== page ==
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Hard won, with generational difference

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Role models: Chief Secretary K.J. Mathew and T. Mithra, 10th rank holder in the Civil Services Examination, oblige autograph-seekers at a personality development camp for children organised by the Kesari Memorial Journalists’ Trust in the city on Saturday.
Role models: Chief Secretary K.J. Mathew and T. Mithra, 10th rank holder in the Civil Services Examination, oblige autograph-seekers at a personality development camp for children organised by the Kesari Memorial Journalists’ Trust in the city on Saturday.

Staff Reporter

THIRUVANANTHAPURAM: It may have been a victory tinged with sadness for T. Mithra as her success in the Civil Services Examination trailed the untimely death of her parents. But the 10th rank holder certainly had it a lot easier than K.J. Mathew, Chief Secretary, when it came to pursuing her IAS dream.

So when the two met at a personality development camp for children organised by the Kesari Memorial Journalist’s Trust in the city on Saturday, Mr. Mathew could not help but recall the hardship he had to undergo as a student hailing from a humble background to scale the pinnacle of success.

“My mother used to scold me for reading late into the night, as I would exhaust all the kerosene in the lamp,” he said.

Mr. Mathew, a postgraduate in English language and literature from St. Thomas College, Pala, had to walk five kilometres every day to reach his school. “At school, teachers used to chide me for reading books other than the ones meant for academic study. So, I utilised the time spent to commute for reading,” he said. “This gradually developed into a habit,” said the Chief Secretary admitting that his priority during his student days was to get a job than to get into the civil services. “The desire to become an IAS officer came to me at a later stage while working as an English teacher,” he told the students.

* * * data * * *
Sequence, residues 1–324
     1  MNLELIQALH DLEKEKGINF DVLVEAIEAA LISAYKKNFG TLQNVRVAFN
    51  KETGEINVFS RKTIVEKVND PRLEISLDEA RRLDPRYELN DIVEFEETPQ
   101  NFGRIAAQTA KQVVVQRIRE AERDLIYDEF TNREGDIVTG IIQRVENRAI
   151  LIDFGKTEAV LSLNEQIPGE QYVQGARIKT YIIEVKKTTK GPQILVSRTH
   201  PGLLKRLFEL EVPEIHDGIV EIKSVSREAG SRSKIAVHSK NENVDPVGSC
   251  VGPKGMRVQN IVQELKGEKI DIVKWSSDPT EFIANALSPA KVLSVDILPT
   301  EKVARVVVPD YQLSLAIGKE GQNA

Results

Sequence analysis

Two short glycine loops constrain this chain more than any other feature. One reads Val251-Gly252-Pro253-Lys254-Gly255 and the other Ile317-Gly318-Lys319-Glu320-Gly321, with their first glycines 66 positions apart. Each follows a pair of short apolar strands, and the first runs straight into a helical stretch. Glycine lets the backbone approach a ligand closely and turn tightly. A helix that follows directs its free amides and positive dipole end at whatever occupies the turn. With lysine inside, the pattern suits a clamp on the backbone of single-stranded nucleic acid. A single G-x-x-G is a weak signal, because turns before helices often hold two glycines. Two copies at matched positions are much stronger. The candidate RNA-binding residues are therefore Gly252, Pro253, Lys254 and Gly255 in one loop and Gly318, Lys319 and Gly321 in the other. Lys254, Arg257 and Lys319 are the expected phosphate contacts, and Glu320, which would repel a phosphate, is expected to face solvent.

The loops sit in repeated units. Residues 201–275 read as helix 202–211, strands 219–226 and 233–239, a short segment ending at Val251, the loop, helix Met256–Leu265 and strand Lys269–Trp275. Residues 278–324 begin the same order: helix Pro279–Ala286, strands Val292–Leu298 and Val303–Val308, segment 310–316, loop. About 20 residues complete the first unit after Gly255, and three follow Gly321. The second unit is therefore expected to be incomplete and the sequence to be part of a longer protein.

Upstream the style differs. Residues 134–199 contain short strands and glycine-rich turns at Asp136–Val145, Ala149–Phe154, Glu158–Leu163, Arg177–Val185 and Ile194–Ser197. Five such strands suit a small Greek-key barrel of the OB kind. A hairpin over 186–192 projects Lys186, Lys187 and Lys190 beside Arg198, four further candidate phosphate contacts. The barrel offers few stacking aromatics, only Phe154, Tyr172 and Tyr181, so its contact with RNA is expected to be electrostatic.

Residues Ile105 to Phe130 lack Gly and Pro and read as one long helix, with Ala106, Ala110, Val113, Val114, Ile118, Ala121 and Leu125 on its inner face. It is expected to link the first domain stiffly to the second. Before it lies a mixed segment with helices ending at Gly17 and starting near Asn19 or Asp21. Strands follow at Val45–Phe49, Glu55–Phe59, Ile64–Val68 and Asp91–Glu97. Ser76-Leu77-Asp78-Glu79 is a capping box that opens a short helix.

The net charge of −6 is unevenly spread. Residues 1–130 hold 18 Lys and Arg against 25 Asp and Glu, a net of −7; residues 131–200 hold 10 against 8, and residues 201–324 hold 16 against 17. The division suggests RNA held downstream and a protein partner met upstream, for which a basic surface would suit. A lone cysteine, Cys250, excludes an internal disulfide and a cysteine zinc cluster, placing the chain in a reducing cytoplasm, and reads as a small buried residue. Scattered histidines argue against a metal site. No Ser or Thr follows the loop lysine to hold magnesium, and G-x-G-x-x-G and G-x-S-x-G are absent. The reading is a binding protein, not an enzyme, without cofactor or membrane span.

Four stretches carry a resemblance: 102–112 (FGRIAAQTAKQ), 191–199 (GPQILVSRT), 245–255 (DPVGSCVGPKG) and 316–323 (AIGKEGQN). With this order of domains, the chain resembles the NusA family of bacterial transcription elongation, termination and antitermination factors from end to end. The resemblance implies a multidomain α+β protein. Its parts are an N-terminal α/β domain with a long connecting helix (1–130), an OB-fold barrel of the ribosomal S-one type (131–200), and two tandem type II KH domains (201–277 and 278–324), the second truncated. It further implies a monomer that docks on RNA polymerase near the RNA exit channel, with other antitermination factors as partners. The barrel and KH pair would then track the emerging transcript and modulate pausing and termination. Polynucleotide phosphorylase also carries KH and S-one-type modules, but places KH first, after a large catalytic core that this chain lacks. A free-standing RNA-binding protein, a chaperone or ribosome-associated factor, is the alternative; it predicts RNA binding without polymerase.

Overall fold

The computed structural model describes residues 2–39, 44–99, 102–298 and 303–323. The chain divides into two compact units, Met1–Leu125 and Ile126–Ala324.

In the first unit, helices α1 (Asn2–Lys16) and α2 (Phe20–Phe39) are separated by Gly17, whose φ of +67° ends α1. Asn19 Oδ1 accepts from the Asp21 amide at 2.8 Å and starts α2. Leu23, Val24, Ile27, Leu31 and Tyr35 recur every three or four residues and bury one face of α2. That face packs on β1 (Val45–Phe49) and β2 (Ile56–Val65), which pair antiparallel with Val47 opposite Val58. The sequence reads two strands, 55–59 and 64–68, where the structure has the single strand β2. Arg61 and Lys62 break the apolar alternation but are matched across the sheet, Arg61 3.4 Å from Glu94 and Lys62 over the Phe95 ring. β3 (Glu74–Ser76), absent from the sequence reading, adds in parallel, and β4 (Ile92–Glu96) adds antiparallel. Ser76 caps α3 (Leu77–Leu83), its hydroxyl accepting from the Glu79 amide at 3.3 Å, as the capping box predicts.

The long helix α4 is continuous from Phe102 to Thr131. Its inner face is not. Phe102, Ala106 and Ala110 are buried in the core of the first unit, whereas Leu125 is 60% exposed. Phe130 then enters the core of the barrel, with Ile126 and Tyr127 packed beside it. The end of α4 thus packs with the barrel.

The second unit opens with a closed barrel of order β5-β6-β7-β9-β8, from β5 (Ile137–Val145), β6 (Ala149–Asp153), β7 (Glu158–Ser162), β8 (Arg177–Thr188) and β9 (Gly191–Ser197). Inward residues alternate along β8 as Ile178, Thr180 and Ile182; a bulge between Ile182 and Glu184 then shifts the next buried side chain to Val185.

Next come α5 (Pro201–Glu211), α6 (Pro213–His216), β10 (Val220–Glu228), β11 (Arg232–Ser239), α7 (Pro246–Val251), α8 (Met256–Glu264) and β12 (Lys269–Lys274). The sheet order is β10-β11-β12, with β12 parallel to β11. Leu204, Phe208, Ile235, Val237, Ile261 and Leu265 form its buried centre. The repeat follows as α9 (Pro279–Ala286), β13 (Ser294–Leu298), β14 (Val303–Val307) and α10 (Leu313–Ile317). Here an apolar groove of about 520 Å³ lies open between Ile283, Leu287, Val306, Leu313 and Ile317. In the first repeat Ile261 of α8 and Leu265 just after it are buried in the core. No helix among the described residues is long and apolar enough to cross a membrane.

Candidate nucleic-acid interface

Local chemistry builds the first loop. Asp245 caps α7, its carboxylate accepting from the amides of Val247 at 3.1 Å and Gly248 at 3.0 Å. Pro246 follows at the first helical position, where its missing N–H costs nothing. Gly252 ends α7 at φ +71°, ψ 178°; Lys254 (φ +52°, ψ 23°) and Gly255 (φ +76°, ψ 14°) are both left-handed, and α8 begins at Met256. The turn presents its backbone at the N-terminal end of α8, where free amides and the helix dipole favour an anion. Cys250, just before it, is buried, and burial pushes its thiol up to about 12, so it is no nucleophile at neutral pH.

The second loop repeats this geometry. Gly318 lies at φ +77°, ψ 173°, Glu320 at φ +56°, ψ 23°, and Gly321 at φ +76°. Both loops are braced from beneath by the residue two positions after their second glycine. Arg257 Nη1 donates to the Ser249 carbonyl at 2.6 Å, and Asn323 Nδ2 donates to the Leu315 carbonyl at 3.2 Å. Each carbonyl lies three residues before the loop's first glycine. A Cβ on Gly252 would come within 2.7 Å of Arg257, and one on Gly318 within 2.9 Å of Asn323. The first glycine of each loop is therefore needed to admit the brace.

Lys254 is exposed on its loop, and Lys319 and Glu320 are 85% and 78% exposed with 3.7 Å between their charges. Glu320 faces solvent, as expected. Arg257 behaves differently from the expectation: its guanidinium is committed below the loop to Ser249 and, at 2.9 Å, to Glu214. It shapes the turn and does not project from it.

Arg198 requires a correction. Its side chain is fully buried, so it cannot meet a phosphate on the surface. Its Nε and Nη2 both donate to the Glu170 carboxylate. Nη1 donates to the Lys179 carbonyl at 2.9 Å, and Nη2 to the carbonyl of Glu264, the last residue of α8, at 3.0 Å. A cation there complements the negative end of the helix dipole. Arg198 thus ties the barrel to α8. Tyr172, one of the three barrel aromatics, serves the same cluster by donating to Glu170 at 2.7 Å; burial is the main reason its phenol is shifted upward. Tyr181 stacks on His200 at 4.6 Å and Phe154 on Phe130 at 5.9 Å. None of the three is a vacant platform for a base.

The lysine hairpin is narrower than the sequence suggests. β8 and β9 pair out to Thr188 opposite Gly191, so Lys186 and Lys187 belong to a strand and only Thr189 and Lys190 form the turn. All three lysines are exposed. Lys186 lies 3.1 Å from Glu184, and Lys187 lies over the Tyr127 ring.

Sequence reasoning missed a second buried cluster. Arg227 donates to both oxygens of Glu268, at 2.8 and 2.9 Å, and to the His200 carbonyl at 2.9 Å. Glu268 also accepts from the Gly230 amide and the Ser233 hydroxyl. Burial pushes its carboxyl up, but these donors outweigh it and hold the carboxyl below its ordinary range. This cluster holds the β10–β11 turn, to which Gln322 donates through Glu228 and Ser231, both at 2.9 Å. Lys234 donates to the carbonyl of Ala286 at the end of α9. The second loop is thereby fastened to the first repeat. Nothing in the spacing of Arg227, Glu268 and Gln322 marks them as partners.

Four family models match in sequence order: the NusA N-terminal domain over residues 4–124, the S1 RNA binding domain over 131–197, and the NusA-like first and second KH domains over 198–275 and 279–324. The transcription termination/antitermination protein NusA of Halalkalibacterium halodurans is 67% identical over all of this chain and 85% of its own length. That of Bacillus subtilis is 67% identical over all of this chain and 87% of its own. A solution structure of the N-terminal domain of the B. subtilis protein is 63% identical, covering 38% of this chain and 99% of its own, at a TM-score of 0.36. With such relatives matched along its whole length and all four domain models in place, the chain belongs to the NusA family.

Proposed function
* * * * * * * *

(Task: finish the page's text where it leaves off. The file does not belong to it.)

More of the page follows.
However, the Chief Secretary was of the view that education alone could not be regarded as an indicator of success in life. “Education is essential. But it is not necessarily an indicator of what you will achieve. There are people who have succeeded in life without any formal education.”

Mr. Mathew urged the participants to develop a voracious reading habit. “Reading enriches and expands the horizons of your mind. There is no substitute for reading good books,” he said.

Sense of service

The Chief Secretary had a word of advice to Ms. Mithra: “Your passion for this job should be driven by a sense of service to the people, not by profitability or market share.”

Ms. Mithra, who spoke to the participants, explained how her personal tragedy had strengthened her resolve to face the challenges of life with poise and equanimity. “How you react to various situations in life is going to be a crucial part of your personality,” she said. She lost her mother last July during the preliminary examination, while her father passed away days before the results were declared.

Ms. Mithra, a postgraduate in English language and literature from All Saints College here, attributes her success to her systematic hard work over a year and a half. “Identify your strengths and work hard with self-consciousness and awareness. You will realise your dream,” she said.

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